BY PAUL DAUGHERTY | PDAUGHERTY@ENQUIRER.COM
No love for Adam Dunn. No affection for the Big Donkey. Man averages 42 homers, 95 RBI and 104 runs scored the last three years. Heís only 27 years old. People think you can find those numbers on Aisle 13 at Wal-Mart.
No love for 334 walks between 2004 and 2006. No time for 179 homers in the previous five seasons. Only seven current players have hit more long balls during that time. Itís practically a Hall of Fame lineup: Rodriguez, Pujols, Ortiz, Ramirez, Jones, Thome, Soriano ... Dunn.
No love for our townís Dave Kingman, Greg Luzinski and Rob Deer. Chicks dig the long ball? Evidently not. Chicks dig line drives with runners in scoring position and Web Gems on the Worldwide Leader.
No room in Cincinnati for Adam Dunn. Wayne Krivskyís Reds are going to pitch and play defense. Dunnerís gonna hit big flies and go fishing. Jerry Narronís Reds will do the ďlittle things.Ē The Big Donkey is better at the big things that travel 400 feet.
The Reds are looking to trade him. This is the notion. Itís a good one, even if it has been out there since last offseason. Or, according to Dunn, since 2002.
ďOh-two, oh-three, oh-four,Ē he said. Oh-eight, Iíll hear it. Oh-nine. Iíll believe it when I see it.Ē
Dunn handles this the way he handles all things: Easily. A little self deprecation, a big shrug. Adam Dunn is a big olí boy whose demeanor is as placid as 6 a.m. on a farm pond. Heíll never be the player people want him to be, probably. Heíll never go ulcerous worrying about it.
ďWeíll go shopping, me and you,Ē Ken Griffey Jr. interjected, a reference to Dunn being shopped to other clubs. ďWhereíd you like to go? Nordstrom?Ē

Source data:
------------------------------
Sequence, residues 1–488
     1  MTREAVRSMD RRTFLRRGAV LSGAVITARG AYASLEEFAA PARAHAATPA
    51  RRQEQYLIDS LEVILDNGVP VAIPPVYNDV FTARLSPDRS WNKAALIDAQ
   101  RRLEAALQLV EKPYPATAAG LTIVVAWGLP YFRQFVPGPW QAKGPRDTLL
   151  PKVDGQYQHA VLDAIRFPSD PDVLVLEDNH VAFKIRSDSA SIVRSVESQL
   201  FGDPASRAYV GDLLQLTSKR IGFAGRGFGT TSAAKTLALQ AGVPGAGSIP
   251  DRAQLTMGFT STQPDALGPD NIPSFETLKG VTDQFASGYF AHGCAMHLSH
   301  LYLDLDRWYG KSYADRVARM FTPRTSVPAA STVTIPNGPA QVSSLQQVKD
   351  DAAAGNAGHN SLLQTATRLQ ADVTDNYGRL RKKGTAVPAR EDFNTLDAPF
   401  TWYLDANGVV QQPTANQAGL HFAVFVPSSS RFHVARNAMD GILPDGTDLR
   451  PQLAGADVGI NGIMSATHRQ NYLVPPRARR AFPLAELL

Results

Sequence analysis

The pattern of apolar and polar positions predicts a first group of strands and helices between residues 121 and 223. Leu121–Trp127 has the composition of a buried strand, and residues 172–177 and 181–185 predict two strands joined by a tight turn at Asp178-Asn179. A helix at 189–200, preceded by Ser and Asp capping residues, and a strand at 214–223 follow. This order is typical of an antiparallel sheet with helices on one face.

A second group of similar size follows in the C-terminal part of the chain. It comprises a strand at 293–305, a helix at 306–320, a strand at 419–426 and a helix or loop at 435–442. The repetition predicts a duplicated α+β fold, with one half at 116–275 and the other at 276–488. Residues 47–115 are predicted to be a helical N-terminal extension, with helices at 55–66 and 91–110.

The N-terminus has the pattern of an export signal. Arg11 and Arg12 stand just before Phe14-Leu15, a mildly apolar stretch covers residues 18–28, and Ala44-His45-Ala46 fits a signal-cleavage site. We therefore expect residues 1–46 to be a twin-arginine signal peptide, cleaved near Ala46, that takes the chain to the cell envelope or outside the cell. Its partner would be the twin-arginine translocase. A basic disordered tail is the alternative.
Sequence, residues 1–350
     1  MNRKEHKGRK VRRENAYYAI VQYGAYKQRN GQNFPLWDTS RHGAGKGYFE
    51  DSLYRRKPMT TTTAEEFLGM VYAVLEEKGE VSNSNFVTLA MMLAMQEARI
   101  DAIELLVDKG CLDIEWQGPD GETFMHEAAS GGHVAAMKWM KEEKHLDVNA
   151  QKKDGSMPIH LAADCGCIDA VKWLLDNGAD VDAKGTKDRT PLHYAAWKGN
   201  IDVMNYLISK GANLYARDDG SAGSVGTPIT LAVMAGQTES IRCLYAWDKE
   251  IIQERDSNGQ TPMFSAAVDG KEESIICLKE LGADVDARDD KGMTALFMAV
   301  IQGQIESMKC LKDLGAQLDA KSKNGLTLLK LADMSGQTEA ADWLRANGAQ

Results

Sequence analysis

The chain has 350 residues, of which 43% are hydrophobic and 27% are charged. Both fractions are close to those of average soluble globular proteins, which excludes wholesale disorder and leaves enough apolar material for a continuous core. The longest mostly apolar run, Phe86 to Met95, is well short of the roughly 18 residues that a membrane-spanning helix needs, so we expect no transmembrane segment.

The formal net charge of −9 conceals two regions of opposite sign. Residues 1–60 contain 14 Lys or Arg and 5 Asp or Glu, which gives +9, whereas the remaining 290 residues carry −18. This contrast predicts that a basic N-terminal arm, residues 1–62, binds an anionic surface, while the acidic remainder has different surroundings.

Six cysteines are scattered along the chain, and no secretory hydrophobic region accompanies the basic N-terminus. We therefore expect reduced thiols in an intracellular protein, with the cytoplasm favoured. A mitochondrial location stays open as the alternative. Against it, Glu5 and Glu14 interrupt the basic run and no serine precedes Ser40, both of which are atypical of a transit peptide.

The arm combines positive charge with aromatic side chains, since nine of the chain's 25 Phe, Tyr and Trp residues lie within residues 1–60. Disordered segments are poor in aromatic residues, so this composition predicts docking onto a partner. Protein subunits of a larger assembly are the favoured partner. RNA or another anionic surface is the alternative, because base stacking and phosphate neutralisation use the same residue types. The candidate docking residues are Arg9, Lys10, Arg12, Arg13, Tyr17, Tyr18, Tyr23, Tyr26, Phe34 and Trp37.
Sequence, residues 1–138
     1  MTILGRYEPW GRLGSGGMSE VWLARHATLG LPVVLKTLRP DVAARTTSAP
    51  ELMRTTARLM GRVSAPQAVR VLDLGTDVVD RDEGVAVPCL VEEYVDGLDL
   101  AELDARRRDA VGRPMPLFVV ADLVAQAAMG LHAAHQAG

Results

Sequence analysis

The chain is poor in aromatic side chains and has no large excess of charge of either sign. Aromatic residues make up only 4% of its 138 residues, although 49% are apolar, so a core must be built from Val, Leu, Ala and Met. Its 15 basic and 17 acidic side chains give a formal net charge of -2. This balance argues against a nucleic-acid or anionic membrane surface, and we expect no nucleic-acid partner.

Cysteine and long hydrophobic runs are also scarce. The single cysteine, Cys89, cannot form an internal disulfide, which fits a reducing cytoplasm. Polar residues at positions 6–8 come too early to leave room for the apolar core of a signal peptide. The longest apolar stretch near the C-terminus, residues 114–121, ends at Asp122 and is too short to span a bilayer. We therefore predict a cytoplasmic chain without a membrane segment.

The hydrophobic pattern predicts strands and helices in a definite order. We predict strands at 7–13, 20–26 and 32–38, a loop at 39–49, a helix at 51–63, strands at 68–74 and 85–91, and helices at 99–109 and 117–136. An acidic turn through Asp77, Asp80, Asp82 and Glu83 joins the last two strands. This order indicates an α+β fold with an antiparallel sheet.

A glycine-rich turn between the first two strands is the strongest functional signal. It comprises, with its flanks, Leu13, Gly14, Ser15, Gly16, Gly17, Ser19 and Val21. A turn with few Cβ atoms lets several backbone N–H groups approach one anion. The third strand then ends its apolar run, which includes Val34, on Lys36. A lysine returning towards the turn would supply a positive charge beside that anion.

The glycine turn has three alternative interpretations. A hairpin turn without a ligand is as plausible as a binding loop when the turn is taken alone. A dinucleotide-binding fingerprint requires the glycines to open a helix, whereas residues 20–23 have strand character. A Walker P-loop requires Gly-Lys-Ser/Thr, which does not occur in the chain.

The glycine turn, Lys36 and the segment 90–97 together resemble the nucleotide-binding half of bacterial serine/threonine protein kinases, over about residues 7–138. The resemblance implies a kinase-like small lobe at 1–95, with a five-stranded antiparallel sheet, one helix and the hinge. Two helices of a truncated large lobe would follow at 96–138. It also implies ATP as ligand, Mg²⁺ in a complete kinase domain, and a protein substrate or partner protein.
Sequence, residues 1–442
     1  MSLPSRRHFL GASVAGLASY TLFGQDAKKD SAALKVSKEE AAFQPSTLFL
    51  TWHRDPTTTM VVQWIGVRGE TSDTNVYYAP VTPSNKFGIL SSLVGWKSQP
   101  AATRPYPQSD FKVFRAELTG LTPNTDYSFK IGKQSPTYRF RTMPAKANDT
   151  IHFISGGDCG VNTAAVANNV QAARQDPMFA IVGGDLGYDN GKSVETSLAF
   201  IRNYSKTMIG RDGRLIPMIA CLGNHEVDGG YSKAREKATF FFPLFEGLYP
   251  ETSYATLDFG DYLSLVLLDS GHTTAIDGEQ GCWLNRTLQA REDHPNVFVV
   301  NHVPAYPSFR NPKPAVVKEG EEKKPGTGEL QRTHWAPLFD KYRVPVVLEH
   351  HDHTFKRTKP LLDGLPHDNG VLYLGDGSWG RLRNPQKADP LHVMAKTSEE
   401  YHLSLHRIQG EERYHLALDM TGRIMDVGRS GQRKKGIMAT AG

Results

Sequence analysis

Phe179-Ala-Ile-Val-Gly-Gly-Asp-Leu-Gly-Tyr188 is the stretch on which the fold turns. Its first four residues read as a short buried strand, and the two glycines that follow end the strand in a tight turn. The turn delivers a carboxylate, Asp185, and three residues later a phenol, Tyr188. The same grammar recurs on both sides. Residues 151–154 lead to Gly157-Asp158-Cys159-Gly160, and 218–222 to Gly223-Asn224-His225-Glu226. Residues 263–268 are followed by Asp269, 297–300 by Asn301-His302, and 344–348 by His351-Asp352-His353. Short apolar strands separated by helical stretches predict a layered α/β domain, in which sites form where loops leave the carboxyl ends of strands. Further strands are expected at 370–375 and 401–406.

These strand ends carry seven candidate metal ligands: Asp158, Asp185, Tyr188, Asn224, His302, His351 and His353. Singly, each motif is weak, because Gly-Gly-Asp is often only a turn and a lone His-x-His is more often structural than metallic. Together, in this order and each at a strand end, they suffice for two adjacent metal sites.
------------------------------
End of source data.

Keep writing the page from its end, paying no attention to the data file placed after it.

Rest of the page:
ďBass Pro (Shops)," Dunn said.
He could be gone in a month or six weeks. He could be a Red all year. Wishing to trade a player doesnít make it so. Dunn makes $10 million this year; heís scheduled to make $13 million next year, if the Reds exercise their option, which they almost certainly wonít.
Any team wanting Dunn would have to pick up whatís left of this yearís deal (likely $4 million-plus) and negotiate a new one. Without a contract, Dunn becomes a rent-a-player, never a good idea.
So thereís that. And this:
It will be hard to trade him. Teams serious about winning donít often target home run hitters at the trade deadline. Especially home run hitters who play defense, um, casually, and strike out close to 200 times a year. Dunnís skills limit his trade factor. Heís a natural-born designated hitter, which might cut a whole league out of the equation.
Regardless, it has become obvious Dunn is no longer a great fit here. Which is too bad, because heíll leave here with everyone wanting more. Fans who loved him even a year ago have run out of patience with him now. They heard Dunn talk about being a ďgreatĒ outfielder. They heard of his offseason and spring work with hitting coach Brook Jacoby.
They saw him hit balls to left field the first few weeks of the season. They saw a lightbulb turn on. They were pleased.
Only now, the seasonís a mess, Dunn hasnít become a great outfielder and he has struck out 83 times in 220 at-bats. He is who he is. Probably, always will be. Itís not all bad, and if the Reds were playing well, he wouldnít be hearing the critical noise.
But they arenít, and he is.
Some of us made our peace with the Big Donkey. Some of us, after the last two months of last season, saw the unmet potential and shrugged, the way Dunn might. Forty and 100, with 100 runs scored, ainít bad. A guy could make $10 million a year playing baseball with those numbers.
If heís traded, itíd open a spot for Norris Hopper to play every day.
Itíd signal from Krivsky the next meaningful shift in philosophy. The first was trading Wily Mo Pena for Bronson Arroyo. Itíd remove a laid-back clubhouse presence, for better or worse.
Itíd ship a lot of runs out of town, too. Several scouts were at Great American Ball Park by late this afternoon. They werenít looking at Eric Milton.